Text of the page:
Thursday, January 28, 2010
It was the kind of day where I had to take a break from work - a bright sunny day with a cool breeze, fresh from the recent storms. I cycled to Laguna Lake (about 4 miles) for a late lunch and to look again for the elusive White-throated Sparrow (I had missed this species in five tries so far this month!). Laguna Lake Park in San Luis Obispo offers lake habitat, riparian stands, grassland, rocky hillsides, marsh, some chaparrel and groups of pines, oaks and other introduced trees.
I discovered this sparrow species here before the local Christmas count and it was re-found at the count, so I pedalled straight for the spot near the main entrance where it had been, with other zonotrichia sparrows. I quickly found the same apparent flock, but it was so scattered in the weeds and oaks that I had to follow the flock around for 30-40 minutes before the flock finally concentrated in an open area around a footpath. Just as I saw the flock in the open through my binocs, a woman walked right past me and flushed the flock in all directions. What do you say to someone like that? "Excuse me ma'am, you just flushed my flock!" To which she would likely reply, "Stay away from me you weirdo, and stop looking at me with those binoculars!" I could imagine the morning paper's headline, "Local Stalker Pretends to be Birdwatcher". According to the arresting oficer, "He didn't even have a bird book!". "I did some investigation at the public library" the officer added, feeling clever, "and the bird book there showed that White-throated Sparrows don't even occur in California!"... So, I instead followed some Bonaparte's Gulls down to the lake (hoping for a different black-headed type gull).
I rode my bike along the lake shore, but found nothing interesting until I took off across some fields on my mountain bike and flushed a Sharp-shinned Hawk (new BIGBY species)and ticked off the field marks as it went into a thick tree. Other birds in the fields with scattered trees included Western Bluebird, juncos, butterbutts (Yellow-rumped Warblers), Say's and Black Phoebes, and a couple of Lark Sparrows (BIGBY #3 for the day). I checked the initial sparrow flock once more, but didn't find the White-throated, so I took off around the southwest side of the lake through a residential tract with a couple of viewpoints of the lake and up Diablo Drive (see my map link) for a view of the back of the lake. A White-tailed Kite (Bigby #4) was hunting out along the edge of the lake, and at least a hundred geese - Canada, Cackling and White-fronted were scattered along the back of the lake and out into the fields.
Last, before cycling back to work, I stopped at the ponds and flooded fields along Foothill Blvd., where wigeon, Gadwall, shovelers, Cinnamon Teal, coots and pintail fed and Northern Harrier, Kestrel, red-tail and other raptors perched. Despite the miss of the White-throated, my 10 mile midday ride was productive and enjoyable.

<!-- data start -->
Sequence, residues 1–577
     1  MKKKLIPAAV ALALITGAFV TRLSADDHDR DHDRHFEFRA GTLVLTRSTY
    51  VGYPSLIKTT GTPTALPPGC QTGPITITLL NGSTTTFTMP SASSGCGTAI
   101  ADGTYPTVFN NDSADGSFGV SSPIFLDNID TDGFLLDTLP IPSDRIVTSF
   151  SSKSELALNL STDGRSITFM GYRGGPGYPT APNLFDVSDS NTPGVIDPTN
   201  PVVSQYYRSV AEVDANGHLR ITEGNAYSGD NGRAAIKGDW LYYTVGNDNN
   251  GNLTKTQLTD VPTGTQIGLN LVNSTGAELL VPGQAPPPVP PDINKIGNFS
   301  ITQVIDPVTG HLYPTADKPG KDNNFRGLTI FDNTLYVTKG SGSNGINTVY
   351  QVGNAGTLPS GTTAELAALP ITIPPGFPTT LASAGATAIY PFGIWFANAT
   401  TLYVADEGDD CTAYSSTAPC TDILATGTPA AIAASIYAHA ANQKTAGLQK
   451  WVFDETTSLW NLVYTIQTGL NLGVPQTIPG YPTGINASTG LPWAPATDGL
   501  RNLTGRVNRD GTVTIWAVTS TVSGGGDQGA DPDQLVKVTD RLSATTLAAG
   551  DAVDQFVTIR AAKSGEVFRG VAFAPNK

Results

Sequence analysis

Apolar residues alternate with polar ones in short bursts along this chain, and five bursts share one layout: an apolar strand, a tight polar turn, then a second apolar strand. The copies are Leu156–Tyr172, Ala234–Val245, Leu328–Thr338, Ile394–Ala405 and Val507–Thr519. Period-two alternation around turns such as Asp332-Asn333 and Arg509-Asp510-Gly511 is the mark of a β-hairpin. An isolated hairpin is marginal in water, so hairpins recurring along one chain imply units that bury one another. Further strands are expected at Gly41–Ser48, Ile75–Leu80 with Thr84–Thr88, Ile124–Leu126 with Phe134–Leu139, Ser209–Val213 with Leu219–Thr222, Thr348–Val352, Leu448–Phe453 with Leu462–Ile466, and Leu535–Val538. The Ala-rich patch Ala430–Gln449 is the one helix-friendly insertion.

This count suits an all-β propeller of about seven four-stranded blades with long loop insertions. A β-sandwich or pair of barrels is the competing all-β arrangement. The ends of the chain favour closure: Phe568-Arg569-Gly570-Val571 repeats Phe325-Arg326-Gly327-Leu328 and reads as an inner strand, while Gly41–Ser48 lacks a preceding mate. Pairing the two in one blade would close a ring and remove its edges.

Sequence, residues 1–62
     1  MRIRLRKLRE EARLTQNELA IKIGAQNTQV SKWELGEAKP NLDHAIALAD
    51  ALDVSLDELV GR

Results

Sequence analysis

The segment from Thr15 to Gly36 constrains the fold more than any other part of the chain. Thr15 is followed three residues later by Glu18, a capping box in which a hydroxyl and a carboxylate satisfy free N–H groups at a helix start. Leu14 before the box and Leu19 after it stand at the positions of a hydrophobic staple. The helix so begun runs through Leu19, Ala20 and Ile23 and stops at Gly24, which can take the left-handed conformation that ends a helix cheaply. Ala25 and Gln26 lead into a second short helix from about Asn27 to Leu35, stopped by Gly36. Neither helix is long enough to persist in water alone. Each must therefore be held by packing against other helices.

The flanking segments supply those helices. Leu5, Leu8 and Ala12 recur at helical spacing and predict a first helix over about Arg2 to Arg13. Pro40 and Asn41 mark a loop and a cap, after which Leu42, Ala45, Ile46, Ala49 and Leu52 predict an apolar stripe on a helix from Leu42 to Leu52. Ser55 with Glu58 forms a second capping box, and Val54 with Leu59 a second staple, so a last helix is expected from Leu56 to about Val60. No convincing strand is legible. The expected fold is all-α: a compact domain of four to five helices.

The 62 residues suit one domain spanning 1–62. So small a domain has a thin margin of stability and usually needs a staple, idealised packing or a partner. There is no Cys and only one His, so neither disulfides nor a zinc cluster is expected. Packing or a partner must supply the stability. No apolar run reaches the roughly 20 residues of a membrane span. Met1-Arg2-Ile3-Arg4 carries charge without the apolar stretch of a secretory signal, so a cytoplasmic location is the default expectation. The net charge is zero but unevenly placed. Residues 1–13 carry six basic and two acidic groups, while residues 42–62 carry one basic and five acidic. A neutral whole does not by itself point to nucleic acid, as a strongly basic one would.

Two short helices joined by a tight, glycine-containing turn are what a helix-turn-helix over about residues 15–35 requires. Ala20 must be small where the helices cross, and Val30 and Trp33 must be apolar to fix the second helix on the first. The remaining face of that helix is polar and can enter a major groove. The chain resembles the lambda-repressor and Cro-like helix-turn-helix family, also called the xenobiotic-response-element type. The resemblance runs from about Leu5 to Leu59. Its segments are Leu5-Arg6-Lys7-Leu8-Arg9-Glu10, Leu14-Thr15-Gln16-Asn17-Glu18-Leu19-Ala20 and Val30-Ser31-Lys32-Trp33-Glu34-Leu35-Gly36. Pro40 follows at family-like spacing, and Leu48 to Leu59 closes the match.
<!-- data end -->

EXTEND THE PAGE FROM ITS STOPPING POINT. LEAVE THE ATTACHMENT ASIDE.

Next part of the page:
Saturday, January 23, 2010
Today, I started with my usual 30 minute dog walk from home (52 species) and then loaded up my bike with my tripod, scope, lunch, day pack for my new pannier, and some walking shoes. I stopped a few routine bayside stops like the Baywood Pier,the overlook of the bay at the end of Seventh in Los Osos (see my map link), and on South Bay Blvd., on the way to Morro Rock to look for Canyon and Rock Wrens and a Red-necked Grebe that had been sporadically reported recently. My first new BIGBY bird was a Brown Creeper that sang a high pitched "trees, trees, beautiful trees" as I pedalled past Sweet Springs Nature Preserve. As I rode down State Park Road, near the Morro Bay State Park campground, a Lesser Yellowlegs flew along with me for a short distance and called for #2 (there are advantages to bike birding). I stopped briefly at Bayshore and Olive Overlooks of the bay and then continued on to Morro Rock. The waves were big and the mouth was very rough so it was difficult to scope grebes and impossible for sea birds. The usual contingent of tourists daring the waves on the nearby jetty was gone - swept out to sea or maybe the weather kept them in the Valley? A Canyon Wren did call a couple of times (#3), but no Rock Wrens (at least that I could hear over the sound of the surf). I scoped to the north of the Rock and could see birds, including many Surf Scoters and one female Long-tailed Duck (#4)that stood out because it was so white. Still no Rock Wren, but I did pick out one Herring Gull (#5) in a mixed flock of gulls. I stopped on the way up to Estero Bluffs at the beach near Old Creek mouth, but the people, dogs, and high surf chased away any Snowy Plovers that had been there earlier in the week (not a good weekend spot). I made a beeline for Estero Bluffs and locked my bike below the lot with a large fig tree adjacent to it. This is one lot past the windmill lot. From here, I thoroughly checked the coast to the north and south but found no Ruddy Turnstones or Wandering Tattlers (reported 2 days earlier). It was a nice day for a walk, but birding was slow at the bluffs trail. I was, however, surprised by the high number of Red-breasted Mergansers (at least 40) and a roost of almost 30 Royal Terns. Black Oystercatchers and Spotted Sandpipers were in several spots as well. The ride home was without much birding as I needed to get back. I always have to laugh as I go north on the main drag in Cayucos because there is a sign which shows the speed of all vehicles (including bikes). It is on a slight uphill grade and it always reminds me how slow I really am (14 mph at this spot)! In all, I biked about 40 miles and walked about 5 miles today.